Miles Batty didn't live up to the hype. But he also didn't disappoint.
That's how hard and fast the line became, drawn up by a couple of fellow BYU guys for one of the school's best distance runners Saturday.
Trying to become only the second runner to ever go below a 4-minute mile on Utah soil, which would have joined Doug Padilla's flash nearly three decades ago in Provo, the Cougar senior finished in 4:04.53 despite a sturdy mark at the halfway point on Robison Track at BYU's annual spring home meet.
"I wasn't the one that really made the goal," Batty said of a public proclamation made by Padilla and distance coach Ed Eyestone. "I'm not really into chasing times, especially at altitude. But it made it fun."
Batty is a national champion who owns the school record and broke the NCAA indoor mile record during the winter trip to the Millrose Games (3:54.54).
But doing this kinds of thing at altitude is such a different animal, like comparing a house cat to a mountain lion.
Padilla (an Olympian who also these days handles some of the meet logistics for his alma mater) even served as the starter, shooting the gun that would send Batty on his journey quickly past 21 other runners. It was a fitting tribute to the 3:57.83 he ran on May 21, 1983.
In seemingly perfect conditions, 50 degrees and sunny (though the breeze picked up, creating a head wind at times), Batty found himself off to a good start thanks to former teammate Kyle Perry, who served as the "rabbit" to give his pal a proper pace.
Batty was at about 50 seconds after one lap and two minutes flat (give or take a few tenths of a second) at the halfway mark.
Perry dropped out with 600 meters left (1 1/2 laps) but it was clear even to the untrained eye that Perry was probably going to come in late.
He ran a 5,000-meter race last week and also didn't want to taper or change his training to go for this somewhat obscure historical mark.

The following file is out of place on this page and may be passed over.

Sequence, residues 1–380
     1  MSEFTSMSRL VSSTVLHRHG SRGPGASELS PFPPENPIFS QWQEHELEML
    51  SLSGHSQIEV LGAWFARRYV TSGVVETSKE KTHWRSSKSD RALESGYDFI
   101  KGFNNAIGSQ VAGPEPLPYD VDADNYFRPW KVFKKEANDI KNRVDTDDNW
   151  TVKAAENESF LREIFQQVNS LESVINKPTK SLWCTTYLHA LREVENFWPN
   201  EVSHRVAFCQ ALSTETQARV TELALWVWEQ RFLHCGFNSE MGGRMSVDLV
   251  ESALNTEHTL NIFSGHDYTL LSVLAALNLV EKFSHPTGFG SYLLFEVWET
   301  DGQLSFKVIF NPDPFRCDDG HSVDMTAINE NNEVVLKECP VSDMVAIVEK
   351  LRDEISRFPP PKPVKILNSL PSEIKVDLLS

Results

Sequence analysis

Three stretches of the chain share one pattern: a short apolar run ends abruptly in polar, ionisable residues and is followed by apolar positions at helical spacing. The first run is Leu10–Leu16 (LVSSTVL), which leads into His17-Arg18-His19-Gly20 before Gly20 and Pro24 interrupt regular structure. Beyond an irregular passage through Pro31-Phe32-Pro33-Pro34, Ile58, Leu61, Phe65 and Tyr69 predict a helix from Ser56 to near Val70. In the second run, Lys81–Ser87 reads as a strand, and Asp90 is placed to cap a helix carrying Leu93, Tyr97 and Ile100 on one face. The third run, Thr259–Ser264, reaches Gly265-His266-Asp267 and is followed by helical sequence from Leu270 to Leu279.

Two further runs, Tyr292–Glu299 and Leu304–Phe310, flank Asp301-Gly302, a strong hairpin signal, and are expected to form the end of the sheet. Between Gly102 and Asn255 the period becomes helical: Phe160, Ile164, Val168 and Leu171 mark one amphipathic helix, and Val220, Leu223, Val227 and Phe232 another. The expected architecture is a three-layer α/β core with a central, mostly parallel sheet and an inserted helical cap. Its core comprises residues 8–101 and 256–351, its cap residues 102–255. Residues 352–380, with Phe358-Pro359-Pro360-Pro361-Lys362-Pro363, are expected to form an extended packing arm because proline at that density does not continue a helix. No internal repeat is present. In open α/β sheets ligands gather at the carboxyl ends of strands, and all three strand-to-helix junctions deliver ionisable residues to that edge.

"I wouldn't say I'm disappointed. I would have liked to have run faster, sure," Batty said. "But for what I was trying to do, in this way, I'm happy with how I ran.
The outdoor (spring) season doesn't even include a 1,600-meter (mile) race. The goal is 1,500 meters, which is identical to the international scene.
So, in a way it was an exhibition. Though quality times could be counted as regional qualifying marks because of an ability to to do some prorated calculations.
"There was nothing to lose for anyone to participate," BYU coach Mark Robison said. "It just made for a great showcase."
He was busy watching some high jumpers as Batty made his way four times around the notoriously fast track.
Robison credited the weekend aspirations to bringing in a larger crowd, and also providing some energy that other athletes could soak in through Batty's attempt. It was a worthwhile $5 plunked down to see him navigate.
Batty had a half-lap remaining when it was clear he wouldn't reach the finish line before the countdown finished flashing on the south-side scoreboard. He would have had to run a 57-second final lap.
Still the crowd chanted "Batty, Batty!" for a little while.
"It was great. The crowd was great," he said. "I saw with a lap to go what I needed, and just tried to go for it."
Teammate Jared Ward finished second, five seconds behind Batty.
Now comes the goals of winning another NCAA championship, and maybe even going further with times that would get him into the Olympic picture.